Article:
The technique produces a short rib that is fall-off-the-bone tender, like a braised short rib, but is just medium or medium rare inside. At 145 degrees F, that’s when all the natural fats and flavors are melting out, St. Peter explained, but with the sous-vide technique “really, you’re locking (in) all the flavor and moisture of the product.”

St. Peter inherited the recipe from Eve’s previous chef but removed it from the menu until he could develop the required hazard plans required by the city. In order to pass the city restaurant inspection, the bags of ribs would need to be taken out of the circulator, rapidly chilled, dated and stored in a special cooler where the temperature is digitally tracked every four hours. When someone ordered the dish, the bags would be reheated in the immersion circulator. But St. Peter doesn’t yet have the equipment or plan in place to follow this method. So he worked with a health inspector to devise an alternative: He opens the bags right away, rewraps the ribs, and stores the meat in the refrigerator. The shelf life is shortened from about a week to about three days, but at least he can still cook sous vide. When a customer orders the dish, the meat is reheated in a pan and continuously basted with demi-glace (a rich brown sauce) and butter.


Charcuterie and sous vide cooking both require specialized vocabulary and specialized equipment. Here is a short glossary of some of the more common terms.

Forcemeat: A mixture of lean ground meat emulsified with fat.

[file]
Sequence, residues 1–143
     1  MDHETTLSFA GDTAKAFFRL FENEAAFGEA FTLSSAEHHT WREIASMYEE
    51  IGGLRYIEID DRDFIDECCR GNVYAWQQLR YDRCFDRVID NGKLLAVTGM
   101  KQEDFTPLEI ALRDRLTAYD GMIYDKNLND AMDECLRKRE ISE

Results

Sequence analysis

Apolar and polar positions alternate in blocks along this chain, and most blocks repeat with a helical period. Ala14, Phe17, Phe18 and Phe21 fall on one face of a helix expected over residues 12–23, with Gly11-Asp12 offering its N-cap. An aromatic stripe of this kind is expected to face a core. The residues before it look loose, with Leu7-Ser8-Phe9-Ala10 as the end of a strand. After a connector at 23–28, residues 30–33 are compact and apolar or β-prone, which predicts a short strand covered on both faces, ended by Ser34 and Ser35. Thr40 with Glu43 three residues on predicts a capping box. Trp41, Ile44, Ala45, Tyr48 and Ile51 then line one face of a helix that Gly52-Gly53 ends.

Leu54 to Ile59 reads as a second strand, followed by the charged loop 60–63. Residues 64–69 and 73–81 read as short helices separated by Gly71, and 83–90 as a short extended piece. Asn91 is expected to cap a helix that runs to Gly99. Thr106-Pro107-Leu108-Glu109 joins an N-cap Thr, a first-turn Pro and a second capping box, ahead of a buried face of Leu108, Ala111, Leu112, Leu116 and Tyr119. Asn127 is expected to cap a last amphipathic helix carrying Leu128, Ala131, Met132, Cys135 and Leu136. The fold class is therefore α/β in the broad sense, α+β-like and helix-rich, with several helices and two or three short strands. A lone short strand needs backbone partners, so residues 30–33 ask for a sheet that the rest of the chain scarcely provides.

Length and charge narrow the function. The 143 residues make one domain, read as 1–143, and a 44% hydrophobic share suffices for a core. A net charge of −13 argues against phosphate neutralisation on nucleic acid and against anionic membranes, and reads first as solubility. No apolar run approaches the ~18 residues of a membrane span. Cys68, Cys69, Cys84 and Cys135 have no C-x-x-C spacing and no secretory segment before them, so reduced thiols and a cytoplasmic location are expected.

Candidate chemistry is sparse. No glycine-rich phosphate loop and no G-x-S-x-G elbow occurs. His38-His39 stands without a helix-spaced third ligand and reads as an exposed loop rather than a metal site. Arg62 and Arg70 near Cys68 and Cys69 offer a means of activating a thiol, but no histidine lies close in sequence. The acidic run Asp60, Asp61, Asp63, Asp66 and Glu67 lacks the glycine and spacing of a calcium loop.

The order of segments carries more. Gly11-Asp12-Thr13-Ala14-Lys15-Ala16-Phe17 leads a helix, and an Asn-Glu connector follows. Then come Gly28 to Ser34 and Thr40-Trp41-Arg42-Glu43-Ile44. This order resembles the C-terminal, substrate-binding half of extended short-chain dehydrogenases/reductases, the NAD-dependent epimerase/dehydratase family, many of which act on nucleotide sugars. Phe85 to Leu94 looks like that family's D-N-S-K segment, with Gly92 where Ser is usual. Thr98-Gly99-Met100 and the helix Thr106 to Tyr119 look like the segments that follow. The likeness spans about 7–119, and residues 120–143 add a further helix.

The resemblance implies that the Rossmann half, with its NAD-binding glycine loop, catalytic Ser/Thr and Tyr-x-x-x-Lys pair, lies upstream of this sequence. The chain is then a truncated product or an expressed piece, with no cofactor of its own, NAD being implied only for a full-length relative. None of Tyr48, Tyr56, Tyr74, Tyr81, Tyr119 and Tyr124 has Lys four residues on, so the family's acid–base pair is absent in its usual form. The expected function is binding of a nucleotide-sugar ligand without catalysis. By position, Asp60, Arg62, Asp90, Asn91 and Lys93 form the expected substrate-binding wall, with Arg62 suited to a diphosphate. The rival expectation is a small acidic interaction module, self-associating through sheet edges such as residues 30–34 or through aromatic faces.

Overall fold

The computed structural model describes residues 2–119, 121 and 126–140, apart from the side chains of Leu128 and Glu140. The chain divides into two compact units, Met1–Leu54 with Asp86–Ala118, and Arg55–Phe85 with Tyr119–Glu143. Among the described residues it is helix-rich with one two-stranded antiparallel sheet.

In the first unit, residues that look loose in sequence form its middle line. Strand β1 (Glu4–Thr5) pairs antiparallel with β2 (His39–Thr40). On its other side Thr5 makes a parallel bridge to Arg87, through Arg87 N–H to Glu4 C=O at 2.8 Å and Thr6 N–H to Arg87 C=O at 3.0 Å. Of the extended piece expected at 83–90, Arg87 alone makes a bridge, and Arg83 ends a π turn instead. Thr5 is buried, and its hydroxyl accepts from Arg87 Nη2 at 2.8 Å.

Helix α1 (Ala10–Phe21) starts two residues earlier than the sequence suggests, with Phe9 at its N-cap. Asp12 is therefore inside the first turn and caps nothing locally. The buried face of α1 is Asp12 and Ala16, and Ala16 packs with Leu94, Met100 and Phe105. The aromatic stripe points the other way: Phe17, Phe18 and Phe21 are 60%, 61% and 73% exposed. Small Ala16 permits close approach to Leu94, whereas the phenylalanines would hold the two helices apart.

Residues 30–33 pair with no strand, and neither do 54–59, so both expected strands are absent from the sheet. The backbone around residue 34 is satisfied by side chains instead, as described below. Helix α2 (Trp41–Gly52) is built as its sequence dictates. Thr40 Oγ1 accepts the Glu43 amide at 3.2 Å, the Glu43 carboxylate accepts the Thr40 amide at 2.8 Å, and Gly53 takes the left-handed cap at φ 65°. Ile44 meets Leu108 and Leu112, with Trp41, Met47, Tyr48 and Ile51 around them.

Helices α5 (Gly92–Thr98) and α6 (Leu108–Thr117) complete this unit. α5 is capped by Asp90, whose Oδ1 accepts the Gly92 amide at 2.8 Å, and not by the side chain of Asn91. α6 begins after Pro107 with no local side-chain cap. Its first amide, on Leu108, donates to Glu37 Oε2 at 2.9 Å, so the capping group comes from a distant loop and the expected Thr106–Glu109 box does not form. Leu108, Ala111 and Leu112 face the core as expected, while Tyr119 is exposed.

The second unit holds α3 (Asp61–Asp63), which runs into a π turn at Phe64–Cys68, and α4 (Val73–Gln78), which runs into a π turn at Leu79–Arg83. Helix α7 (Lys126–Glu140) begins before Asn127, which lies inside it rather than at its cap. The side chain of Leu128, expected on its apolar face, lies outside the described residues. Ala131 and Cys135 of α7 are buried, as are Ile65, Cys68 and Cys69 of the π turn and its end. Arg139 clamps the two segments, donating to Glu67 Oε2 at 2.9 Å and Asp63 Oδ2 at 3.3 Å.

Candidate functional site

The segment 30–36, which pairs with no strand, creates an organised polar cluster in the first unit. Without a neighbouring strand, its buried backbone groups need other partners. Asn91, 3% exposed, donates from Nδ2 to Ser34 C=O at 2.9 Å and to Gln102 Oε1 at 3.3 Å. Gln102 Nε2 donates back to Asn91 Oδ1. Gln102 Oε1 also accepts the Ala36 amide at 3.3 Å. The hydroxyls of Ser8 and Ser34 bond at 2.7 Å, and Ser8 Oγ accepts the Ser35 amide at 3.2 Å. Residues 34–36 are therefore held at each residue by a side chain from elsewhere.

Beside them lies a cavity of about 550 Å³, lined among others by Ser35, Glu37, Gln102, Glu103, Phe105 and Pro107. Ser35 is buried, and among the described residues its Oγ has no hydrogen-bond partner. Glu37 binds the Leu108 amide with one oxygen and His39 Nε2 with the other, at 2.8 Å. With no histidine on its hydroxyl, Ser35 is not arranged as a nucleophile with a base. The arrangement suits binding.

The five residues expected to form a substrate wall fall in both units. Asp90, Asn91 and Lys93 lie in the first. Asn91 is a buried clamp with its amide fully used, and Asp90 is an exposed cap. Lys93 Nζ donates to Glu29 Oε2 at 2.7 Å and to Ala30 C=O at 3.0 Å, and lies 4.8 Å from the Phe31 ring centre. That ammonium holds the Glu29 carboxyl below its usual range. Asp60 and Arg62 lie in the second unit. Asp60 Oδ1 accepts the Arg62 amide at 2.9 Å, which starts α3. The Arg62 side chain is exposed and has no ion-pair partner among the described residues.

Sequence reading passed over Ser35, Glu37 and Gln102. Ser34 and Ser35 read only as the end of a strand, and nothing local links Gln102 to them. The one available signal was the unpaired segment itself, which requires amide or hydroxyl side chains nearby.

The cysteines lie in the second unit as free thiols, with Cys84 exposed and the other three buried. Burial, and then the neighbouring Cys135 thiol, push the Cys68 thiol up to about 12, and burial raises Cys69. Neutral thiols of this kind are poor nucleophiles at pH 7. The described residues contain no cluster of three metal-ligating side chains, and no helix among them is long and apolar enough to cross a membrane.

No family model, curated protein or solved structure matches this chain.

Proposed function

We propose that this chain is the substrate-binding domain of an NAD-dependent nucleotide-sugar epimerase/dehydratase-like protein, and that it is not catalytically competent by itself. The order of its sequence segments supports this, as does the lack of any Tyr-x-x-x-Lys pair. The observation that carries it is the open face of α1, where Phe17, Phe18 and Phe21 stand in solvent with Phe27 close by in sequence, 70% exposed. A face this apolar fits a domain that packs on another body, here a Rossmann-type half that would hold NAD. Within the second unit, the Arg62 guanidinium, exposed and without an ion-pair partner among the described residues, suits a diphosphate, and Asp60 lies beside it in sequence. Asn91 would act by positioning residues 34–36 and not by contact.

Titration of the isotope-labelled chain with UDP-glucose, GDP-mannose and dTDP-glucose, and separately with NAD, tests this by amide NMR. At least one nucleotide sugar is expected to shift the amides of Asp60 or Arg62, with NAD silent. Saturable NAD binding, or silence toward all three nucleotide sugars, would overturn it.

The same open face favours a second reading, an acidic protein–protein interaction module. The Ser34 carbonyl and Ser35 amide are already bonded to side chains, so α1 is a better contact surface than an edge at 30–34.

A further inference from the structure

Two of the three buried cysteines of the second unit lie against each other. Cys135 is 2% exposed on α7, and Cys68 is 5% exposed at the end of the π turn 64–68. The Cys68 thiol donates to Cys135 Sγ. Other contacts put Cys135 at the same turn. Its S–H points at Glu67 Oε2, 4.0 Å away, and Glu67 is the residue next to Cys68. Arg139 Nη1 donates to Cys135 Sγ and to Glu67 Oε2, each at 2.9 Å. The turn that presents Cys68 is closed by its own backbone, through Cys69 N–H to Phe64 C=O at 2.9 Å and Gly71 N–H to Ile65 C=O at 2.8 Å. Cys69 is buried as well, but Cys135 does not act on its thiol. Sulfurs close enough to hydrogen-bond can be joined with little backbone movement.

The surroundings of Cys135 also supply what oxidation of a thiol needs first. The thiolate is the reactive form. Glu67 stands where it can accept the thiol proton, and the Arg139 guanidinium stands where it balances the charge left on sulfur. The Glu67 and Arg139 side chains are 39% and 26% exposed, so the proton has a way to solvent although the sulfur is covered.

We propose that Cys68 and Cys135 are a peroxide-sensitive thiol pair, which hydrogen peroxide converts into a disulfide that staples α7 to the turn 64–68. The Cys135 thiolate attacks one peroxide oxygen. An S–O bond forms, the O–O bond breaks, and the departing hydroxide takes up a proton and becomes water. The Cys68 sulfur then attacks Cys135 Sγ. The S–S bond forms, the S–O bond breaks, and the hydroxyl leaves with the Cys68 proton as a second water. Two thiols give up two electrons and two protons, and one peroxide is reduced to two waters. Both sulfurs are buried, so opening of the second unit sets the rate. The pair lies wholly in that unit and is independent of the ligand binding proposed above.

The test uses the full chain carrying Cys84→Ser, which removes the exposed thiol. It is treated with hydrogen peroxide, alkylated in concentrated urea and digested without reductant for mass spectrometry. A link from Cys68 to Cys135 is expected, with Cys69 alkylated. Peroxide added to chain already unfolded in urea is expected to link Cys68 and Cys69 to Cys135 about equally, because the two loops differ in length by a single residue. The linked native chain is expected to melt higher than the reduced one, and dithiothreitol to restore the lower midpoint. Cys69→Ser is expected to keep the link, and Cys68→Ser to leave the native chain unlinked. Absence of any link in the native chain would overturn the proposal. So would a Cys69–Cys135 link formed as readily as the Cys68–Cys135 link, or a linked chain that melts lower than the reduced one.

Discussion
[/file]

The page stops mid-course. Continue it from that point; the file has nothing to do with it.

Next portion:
Pink salt: A curing salt used in food preservation that contains sodium nitrite, which inhibits the growth of bacteria that causes botulism and helps to preserve the color of the meat. Pink salt has been dyed to prevent confusion with regular table salt. It is not the same thing as the popular Himalayan table salt, which is also pink.

 Terrine mold: A rectangular mold that looks like a loaf pan and holds forcemeat. A terrine is chunkier than a pâté and is usually served cold or at room temperature.

 Thermal immersion circulator: An electrical device used to heat water to a stable temperature for sous vide cooking. Food is vacuum-sealed in a plastic bag, then immersed in the heated water to cook at a lower temperature and for a much longer time than usual. These machines cost as little as $200 and as much as $2,000.

 Rilletes: A shredded meat preparation similar to pâté. It has a pastelike consistency and is usually served on bread or toast.

 Water bath: When a home cook is baking a flan or custard, say, they’ll set the dish into a larger pan, then add boiling water to the larger pan. This water bath ensures slow, even cooking. A laboratory water bath, such as that employed for sous vide cooking, does much the same thing but with far more precision, constantly monitoring the temperature of the water and of the food with digital thermometers.